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Vol. LXIII, No. 3
February 4, 2011

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Peer Review Undergoes ‘Evergreening’ Process
Care to guess what They are?  

Standing in front of the peer review model are (from front to back) Dr. Sheryl Brining, NCRR, and Dr. Paul Sheehy, NIGMS, co-leads of the evergreening peer review initiative, and eRA’s Mike Rennolds, a business analyst who led the modeling effort.


Recruiting scientists to review grant applications is no easy task. Zeroing in on expertise and then arranging schedules convenient for all can be both daunting and time-consuming for the scientific review officer (SRO) charged with this undertaking.

But what if sophisticated text-mining tools helped the SRO identify the right reviewers more efficiently? What if the calendar-scheduling software used by NIAID could be leveraged for use by SROs at other institutes and centers?

These and other “pain points” in the business of conducting peer review at NIH were discussed as part of a broad effort called “evergreening peer review” initiated by the Office of Extramural Research’s electronic Research Administration (eRA). This task brought together 56 people from 15 ICs in 2-hour, twice weekly sessions held from February to July 2010. The initiative had two goals: gain efficiencies that will help NIH review staff in their daily work and provide input to redesign the peer review electronic systems that support their work. “

There have been a lot of changes in review at NIH as a result of the Enhancing Peer Review initiative,” said Dr. Paul Sheehy of NIGMS, co-leader of the initiative with Dr. Sheryl Brining of NCRR. “This is an effort to not only keep pace with the changes, but also get ahead of them by designing business systems we would like to have.”  

“Since peer review is at the heart of the grants process, we needed everyone to step back and take a look at the entire process,” noted Pete Morton, eRA program manager.

eRA’s IMPAC II grants administration systems are more than 20 years old. The evergreening group’s recommendations will allow eRA to develop the detailed requirements for new peer review electronic support systems and, based on future funding, build the new system. “This is a wonderful example of information technology not leading the business process, but customers leading the way with IT standing by them,” Morton said.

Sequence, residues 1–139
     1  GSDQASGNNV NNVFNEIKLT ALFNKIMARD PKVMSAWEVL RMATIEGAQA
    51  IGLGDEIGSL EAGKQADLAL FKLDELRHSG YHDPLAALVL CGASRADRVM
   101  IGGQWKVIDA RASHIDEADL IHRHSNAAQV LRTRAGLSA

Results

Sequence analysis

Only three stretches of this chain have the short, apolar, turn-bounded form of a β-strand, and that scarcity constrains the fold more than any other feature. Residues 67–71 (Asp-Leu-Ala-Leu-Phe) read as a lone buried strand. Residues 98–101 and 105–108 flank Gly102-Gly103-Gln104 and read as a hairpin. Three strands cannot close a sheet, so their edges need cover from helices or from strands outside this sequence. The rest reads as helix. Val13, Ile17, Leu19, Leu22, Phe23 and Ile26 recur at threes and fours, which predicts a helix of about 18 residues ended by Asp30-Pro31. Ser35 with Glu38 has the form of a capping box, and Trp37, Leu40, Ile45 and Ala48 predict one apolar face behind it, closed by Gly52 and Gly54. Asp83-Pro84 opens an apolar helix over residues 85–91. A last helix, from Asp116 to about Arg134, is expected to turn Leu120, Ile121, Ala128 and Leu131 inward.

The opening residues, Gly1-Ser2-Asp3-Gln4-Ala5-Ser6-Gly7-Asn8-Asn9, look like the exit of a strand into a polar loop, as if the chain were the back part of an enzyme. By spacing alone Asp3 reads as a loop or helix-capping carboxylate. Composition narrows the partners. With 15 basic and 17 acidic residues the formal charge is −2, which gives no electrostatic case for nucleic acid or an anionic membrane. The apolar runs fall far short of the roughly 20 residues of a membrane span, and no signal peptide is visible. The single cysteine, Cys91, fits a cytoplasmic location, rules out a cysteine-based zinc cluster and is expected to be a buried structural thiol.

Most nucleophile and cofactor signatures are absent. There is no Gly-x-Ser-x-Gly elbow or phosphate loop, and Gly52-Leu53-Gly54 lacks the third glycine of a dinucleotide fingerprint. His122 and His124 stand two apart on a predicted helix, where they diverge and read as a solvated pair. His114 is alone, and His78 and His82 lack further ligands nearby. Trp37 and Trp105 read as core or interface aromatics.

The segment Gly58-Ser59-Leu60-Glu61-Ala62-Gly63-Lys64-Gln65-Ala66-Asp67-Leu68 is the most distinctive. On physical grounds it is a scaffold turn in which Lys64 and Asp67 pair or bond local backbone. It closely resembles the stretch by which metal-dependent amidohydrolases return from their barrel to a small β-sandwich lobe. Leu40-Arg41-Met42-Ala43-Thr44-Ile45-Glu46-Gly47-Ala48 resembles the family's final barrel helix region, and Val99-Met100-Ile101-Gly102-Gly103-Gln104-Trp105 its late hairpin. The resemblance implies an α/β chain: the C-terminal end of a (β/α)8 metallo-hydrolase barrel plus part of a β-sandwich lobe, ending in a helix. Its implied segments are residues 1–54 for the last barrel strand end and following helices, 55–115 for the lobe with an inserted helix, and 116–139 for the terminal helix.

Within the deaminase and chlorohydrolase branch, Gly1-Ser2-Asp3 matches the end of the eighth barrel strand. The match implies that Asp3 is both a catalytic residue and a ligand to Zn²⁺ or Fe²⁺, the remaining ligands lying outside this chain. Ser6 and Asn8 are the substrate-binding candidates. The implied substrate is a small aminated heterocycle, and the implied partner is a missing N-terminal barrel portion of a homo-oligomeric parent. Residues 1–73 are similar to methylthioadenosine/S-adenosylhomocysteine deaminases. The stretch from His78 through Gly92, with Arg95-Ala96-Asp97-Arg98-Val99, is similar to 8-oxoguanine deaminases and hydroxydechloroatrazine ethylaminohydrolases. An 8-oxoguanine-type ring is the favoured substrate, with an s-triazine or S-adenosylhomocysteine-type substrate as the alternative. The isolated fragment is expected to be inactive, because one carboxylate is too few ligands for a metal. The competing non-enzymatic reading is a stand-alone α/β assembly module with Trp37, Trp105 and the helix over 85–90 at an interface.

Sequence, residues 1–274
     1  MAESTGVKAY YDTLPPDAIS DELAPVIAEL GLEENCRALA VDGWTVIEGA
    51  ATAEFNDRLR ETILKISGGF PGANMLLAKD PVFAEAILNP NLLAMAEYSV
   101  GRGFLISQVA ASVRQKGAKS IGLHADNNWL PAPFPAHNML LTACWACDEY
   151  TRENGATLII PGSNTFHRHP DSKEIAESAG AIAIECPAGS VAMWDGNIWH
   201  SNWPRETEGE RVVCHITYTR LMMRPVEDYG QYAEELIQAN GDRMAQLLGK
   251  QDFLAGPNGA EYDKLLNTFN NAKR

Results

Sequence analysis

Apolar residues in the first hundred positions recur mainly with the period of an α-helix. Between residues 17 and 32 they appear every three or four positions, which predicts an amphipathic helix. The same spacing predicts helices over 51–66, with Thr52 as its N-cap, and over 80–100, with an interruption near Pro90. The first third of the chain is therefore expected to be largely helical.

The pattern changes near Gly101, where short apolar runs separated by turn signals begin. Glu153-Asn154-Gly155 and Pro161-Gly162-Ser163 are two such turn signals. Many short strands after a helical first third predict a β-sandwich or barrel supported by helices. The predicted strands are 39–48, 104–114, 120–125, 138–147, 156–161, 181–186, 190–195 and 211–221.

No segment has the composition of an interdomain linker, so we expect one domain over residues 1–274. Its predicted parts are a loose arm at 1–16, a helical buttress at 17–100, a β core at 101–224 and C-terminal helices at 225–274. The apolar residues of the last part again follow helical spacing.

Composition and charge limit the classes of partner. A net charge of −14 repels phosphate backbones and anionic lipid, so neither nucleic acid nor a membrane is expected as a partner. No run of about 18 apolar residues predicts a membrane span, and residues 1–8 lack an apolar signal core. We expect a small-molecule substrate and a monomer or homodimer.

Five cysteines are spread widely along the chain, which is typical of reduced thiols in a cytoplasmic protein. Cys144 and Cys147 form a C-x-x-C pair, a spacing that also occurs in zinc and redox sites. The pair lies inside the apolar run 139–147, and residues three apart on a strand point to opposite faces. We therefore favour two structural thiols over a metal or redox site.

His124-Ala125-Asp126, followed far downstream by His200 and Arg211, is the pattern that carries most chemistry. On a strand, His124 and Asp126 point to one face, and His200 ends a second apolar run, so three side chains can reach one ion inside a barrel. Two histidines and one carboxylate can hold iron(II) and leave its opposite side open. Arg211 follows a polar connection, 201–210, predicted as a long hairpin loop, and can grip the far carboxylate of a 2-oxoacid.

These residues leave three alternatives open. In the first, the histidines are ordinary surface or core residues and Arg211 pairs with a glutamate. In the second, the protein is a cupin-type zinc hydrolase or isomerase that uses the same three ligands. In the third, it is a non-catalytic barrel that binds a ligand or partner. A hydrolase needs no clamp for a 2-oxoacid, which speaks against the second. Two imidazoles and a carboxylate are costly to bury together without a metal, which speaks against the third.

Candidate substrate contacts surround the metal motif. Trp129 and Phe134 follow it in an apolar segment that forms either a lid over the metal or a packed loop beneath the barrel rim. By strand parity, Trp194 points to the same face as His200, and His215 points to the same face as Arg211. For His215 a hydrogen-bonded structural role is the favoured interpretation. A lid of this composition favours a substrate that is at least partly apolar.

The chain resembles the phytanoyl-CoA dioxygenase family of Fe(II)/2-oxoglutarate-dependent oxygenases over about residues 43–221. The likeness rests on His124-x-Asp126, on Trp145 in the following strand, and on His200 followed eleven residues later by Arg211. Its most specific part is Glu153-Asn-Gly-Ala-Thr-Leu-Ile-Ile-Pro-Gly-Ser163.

“This is a wonderful example of information technology not leading the business process, but customers leading the way with IT standing by them.”

The brainstorming, which builds on work initiated in 2006 by the NIH Office of the Chief Information Officer, resulted in the mapping of a 20-foot-long model of the peer review workflow from an SRO’s perspective. The new model has many purposes, including serving as a teaching tool for new SROs and to better inform eRA architects and analysts how any planned change to the system may impact other parts of the workflow.

Dr. Carla Walls, an SRO at NICHD, described the discussions as both rewarding and informative. “I see many benefits arising from the model,” she noted. “It can be a roadmap for developing a peer review training program to promote more efficiency and uniformity in review and spur helpful discussions between review and program staff about what’s involved in the review process from start to finish.”

Morton noted that the success of the effort demonstrated that the business process modeling approach could also be used for other major initiatives involving complex systems at NIH.

The initiative also culminated in a 56-page white paper that details the modeling process, the pain points and the recommendations.

“The evergreening peer review model gives us, for the first time, a complete picture of our business process and shows us the complexities associated with changing the system,” said Brining. “We are better poised to support policy changes now.”

“And to rebuild the eRA IT systems that support peer review,” added Morton. NIHRecord Icon

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